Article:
Prosecutor: Bribe-givers to be blacklisted
By Sun Shangwu (China Daily)
Updated: 2005-11-03 05:45
Bribe-givers in China will be named in a public blacklist from next year, a
move experts say will strengthen the fight against corruption.
Provincial-level procuratorates will make bribery files available for public
access by the end of the year and the system will be linked nationwide at the
beginning of next year, the Procuratorial Daily reported yesterday.
On the blacklist will be individuals and units who have offered bribes from
1997 in such sectors as construction, finance, education, medical and government
Wang Zhenchuan, vice-procurator-general of the Supreme People's
Procuratorate, said that the measure is important for "bringing all social
forces into full play" to prevent corruption.
It will also have a positive impact on healthy economic and social
development, and strengthen legal supervision, according to Wang.
The Supreme People's Procuratorate, in collaboration with some government
departments, introduced a pilot project in some provinces last year and the
results are encouraging. For example, in Sichuan, Jiangsu and Zhejiang,
construction contractors who were put on the blacklist were barred from bidding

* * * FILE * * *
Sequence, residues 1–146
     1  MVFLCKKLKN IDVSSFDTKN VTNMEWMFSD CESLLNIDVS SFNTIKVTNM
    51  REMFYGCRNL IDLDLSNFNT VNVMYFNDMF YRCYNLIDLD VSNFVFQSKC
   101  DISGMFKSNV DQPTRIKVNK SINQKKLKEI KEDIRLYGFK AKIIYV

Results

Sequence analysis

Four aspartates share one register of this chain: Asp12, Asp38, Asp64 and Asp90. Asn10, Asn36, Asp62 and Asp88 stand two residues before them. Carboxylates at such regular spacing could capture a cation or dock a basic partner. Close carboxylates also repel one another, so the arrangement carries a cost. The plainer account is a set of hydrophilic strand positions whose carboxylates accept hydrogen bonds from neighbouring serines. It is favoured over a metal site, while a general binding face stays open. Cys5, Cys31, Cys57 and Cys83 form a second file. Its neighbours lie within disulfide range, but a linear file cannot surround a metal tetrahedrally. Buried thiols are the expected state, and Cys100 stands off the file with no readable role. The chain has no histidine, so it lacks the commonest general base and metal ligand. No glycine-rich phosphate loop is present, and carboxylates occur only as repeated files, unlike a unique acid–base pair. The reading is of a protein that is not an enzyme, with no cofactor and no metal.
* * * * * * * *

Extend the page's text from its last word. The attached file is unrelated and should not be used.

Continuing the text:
for new projects.
According to the Criminal Law, those offering or accepting bribes are subject
to punishment: the maximum penalty for a bribe-taker is the death sentence, and
a life term for people offering bribes.
But in reality, punishment for bribe-takers is usually much heavier,
according to Chen Xingliang, a law professor at Peking University, because
prosecutors depend on co-operation from bribe-givers in investigations.
He added that the new move can only play a supplementary role because
eradication of corruption depends on management reform in many sectors, such as
increasing openness and transparency of economic activities.
In 2000, procuratorate bodies charged 1,298 people with offering bribes while
the number last year was 1,952.
Last week, the National People's Congress ratified the United Nations
Convention against Corruption, which deems offering bribes or "undue advantages"
to public officials as "criminal offences."
(China Daily 11/03/2005 page1)